wired ethernet disabled between reboots, was: when startup delays become bugs

Chris Murphy lists at colorremedies.com
Tue May 21 20:33:13 UTC 2013

On May 21, 2013, at 2:08 PM, Adam Williamson <awilliam at redhat.com> wrote:

> On Tue, 2013-05-21 at 14:02 -0600, Chris Murphy wrote:
>> 1. Connect Automatically may work as designed, but it's a flawed
>> design. It makes no sense to have an admin user enable a network
>> through the Gnome shell toolbar icon (Network icon, flip the switch
>> from Off to On), reboot, and then have no network. The widespread
>> convention for all other such UI switches is that they're sticky. I
>> don't have to go make them behave sticky by checking something five
>> layers deep. Something I wouldn't have even considered exists as it's
>> apparently unique, I've never encountered an automaticity option on
>> Windows or OS X. It's a bizarre convention. Off means off, make that
>> sticky through reboots. On means on, make that sticky through reboots.
> The question of whether it should be *system wide* is a different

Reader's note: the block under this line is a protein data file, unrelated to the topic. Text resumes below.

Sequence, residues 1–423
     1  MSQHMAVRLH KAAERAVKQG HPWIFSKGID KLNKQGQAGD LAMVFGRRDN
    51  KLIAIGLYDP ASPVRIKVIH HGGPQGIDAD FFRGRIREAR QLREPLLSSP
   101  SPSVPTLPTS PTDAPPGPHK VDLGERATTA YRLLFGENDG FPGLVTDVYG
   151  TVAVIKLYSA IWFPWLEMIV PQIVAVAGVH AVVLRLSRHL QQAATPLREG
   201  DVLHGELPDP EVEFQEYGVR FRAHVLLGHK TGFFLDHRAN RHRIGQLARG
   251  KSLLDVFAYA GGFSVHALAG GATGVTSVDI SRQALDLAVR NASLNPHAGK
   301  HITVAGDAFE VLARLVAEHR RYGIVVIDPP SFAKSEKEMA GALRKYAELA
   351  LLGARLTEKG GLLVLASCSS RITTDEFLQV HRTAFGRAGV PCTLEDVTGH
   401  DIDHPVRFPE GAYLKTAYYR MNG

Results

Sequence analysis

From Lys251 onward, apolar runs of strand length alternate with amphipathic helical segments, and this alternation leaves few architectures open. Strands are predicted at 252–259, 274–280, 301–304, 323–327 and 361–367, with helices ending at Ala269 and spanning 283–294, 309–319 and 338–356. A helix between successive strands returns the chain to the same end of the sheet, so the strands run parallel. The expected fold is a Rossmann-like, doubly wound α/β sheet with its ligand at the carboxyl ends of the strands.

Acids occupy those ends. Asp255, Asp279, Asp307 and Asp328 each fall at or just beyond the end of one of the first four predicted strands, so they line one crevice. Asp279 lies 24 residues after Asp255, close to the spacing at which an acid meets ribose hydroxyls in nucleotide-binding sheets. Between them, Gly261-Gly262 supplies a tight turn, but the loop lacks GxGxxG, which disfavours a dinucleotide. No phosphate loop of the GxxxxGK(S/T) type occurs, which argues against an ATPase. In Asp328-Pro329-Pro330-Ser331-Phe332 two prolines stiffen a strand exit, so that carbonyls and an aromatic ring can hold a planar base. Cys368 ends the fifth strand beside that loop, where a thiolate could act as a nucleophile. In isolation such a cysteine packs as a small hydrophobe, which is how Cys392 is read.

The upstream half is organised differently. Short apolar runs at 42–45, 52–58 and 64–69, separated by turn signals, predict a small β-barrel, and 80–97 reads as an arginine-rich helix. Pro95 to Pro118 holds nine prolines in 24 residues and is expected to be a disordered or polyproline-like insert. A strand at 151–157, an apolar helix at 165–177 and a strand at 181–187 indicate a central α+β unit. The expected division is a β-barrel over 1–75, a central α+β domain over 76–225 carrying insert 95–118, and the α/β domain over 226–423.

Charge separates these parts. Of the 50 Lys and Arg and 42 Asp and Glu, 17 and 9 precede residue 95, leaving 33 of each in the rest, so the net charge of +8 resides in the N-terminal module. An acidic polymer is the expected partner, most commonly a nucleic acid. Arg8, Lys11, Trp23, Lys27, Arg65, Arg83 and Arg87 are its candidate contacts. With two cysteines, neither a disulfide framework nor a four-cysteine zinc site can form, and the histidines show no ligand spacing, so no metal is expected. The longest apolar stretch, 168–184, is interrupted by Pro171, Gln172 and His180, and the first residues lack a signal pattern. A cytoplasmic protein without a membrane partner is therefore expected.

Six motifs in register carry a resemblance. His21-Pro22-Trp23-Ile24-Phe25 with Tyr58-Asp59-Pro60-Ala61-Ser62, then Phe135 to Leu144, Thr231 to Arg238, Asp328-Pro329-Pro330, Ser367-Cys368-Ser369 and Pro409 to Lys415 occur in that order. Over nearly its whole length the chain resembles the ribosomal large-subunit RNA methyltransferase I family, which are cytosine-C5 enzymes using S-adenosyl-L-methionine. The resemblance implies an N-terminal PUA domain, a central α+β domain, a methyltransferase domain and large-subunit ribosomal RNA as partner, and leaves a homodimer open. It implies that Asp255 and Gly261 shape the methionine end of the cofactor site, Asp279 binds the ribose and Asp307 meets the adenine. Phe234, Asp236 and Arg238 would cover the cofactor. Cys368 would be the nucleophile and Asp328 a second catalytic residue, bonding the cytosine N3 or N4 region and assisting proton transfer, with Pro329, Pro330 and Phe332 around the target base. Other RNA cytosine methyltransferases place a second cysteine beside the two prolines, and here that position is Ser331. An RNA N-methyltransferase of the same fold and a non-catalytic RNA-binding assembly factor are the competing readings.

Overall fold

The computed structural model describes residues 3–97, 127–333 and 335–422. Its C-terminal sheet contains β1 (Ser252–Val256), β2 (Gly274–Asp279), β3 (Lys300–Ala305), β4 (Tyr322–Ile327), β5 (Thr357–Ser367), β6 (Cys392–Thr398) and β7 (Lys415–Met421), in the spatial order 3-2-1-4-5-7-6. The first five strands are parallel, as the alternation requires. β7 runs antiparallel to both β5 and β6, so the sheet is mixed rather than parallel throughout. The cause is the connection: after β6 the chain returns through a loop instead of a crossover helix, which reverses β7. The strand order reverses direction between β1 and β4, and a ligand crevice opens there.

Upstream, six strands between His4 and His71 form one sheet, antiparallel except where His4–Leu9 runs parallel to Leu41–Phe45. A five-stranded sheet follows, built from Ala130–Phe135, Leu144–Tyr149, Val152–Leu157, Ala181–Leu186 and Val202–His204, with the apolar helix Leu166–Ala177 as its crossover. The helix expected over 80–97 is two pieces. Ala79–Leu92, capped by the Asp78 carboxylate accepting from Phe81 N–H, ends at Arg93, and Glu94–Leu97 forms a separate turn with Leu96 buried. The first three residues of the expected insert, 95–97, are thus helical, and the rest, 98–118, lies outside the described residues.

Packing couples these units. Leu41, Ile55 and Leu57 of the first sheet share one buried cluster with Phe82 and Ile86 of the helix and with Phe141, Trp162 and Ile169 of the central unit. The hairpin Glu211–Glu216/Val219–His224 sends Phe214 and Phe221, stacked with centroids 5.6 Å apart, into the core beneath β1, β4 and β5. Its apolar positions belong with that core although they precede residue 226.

> question from whether it should *persist*.

I'm just trying to figure out the simple case for now: single user who is an admin. I'm experiencing undesirable behavior. If this simple and common case isn't working out well, then I don't expect the more complex cases to work out much better. And as an ape who wears pants, I try to limit how confused I get in a given time frame.

>> 3. The naming convention of the interfaces is confusing. Sometimes
>> it's ifcfg-en5s0 and sometimes ifcfg-p5p1 for the same interface and I
>> don't know why. 
> That's nothing to do with NM, it's the 'persistent device naming' stuff
> at a lower level. Up to F18 this was being done by biosdevname, which
> gave the 'p5p1' naming; in F19 it's being done by systemd, which gives
> the 'en5s0' naming. There was an effort to ensure they at least both
> called the most common case 'em1', but beyond that, they have different
> naming schemes. Life's fun, huh. This kinda sucks, but it's not NM's
> fault. There was discussion of the issue on this list earlier in the f19
> cycle.

Is Gnome > Settings > Network leveraging Network Manager? If so, it's using a different naming convention than systemd, and it seems the two are involved in some non-deterministic confusion.

Chris Murphy

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